Ultrasonographically guided intrauterine contraceptive device removal before chorionic villus sampling

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      OBJECTIVE: Management of a retained intrauterine contraceptive device with no visible string during early pregnancy presents a dilemma. Because these devices are frequently used by multiparous women, it is not unusual that many women with retained devices are also of advanced maternal age. We describe our experience with ultrasonographically guided first-trimester retrieval of an intrauterine contraceptive device in conjunction with chorionic villus sampling.
      STUDY DESIGN: Patients with a first-trimester pregnancy and a retained intrauterine contraceptive device where no string was visible were offered ultrasonographically guided retrieval of the device. If the patient had genetic risks and desired prenatal diagnosis, chorionic villus sampling was offered at the same office visit.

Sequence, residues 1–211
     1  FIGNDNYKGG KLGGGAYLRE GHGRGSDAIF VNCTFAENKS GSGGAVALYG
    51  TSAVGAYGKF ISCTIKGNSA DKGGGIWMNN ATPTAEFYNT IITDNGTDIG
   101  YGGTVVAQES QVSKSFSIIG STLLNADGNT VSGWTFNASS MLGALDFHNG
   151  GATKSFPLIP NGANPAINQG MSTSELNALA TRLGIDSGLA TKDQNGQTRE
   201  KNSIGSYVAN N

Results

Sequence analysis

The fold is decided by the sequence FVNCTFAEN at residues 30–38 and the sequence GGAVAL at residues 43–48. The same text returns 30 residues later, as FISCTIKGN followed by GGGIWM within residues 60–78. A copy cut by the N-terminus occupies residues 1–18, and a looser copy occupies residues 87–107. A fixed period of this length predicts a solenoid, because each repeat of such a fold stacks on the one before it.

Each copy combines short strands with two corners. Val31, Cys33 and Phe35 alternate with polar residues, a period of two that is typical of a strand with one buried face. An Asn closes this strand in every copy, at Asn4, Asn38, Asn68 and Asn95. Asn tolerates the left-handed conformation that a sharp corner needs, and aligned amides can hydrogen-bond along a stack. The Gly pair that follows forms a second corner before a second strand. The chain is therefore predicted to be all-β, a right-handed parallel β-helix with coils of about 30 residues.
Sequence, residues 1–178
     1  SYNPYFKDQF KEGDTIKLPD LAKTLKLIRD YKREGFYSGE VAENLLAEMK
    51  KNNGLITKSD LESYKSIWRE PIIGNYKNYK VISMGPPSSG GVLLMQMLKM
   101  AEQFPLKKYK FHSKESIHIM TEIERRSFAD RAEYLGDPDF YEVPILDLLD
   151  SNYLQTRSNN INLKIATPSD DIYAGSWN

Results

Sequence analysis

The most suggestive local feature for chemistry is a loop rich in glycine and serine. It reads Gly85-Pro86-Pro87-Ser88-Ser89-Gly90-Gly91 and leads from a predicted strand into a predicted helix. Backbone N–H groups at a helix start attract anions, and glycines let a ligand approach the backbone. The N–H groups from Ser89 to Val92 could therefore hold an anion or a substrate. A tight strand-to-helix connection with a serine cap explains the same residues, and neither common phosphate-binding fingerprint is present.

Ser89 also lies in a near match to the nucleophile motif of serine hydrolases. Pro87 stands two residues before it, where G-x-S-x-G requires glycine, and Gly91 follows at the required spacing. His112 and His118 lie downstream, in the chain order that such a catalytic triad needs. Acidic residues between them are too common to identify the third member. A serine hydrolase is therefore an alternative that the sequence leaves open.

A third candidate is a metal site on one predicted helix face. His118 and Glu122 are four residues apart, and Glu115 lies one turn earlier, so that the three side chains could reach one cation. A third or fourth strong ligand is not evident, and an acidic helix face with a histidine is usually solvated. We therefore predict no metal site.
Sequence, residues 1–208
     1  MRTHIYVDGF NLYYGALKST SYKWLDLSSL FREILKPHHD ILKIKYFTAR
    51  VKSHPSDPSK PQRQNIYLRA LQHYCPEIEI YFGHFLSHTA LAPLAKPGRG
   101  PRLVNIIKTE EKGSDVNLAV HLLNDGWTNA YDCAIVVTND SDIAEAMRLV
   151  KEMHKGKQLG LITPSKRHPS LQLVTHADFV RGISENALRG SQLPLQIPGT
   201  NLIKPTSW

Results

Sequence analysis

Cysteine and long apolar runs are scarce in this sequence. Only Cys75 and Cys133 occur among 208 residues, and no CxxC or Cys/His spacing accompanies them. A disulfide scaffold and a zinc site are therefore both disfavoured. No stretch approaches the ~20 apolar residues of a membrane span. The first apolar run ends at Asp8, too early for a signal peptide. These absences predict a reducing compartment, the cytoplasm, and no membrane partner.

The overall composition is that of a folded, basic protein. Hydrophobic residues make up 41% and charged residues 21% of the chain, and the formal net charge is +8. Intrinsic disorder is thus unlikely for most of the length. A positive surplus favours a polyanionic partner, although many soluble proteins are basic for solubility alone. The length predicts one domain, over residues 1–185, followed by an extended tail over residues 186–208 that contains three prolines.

RESULTS: Six patients underwent intrauterine contraceptive device retrieval, under continuous ultrasonographic guidance, by use of an intrauterine contraceptive device hook. All patients had a posterior or fundal device. One patient had two in situ: a Lippes Loop (Ortho Pharmaceutical Corp., Raritan, N.J.) removed by its string and a Cu-7 (G.D. Searle & Co., Chicago) removed under ultrasonographic guidance. The remaining five patients had a Cu-7. Four of six patientss had chorionic villus sampling performed immediately after the intrauterine contraceptive device removal and one patient had chorionic villus sampling 3 weeks later. There were two losses in our series: one after a lengthy procedure and one before documented viability. All infants were structurally normal and born at term.
      CONCLUSION: First-trimester ultrasonographically guided retrieval of a retained intrauterine contraceptive device may be safely performed in conjunction with chorionic villus sampling.


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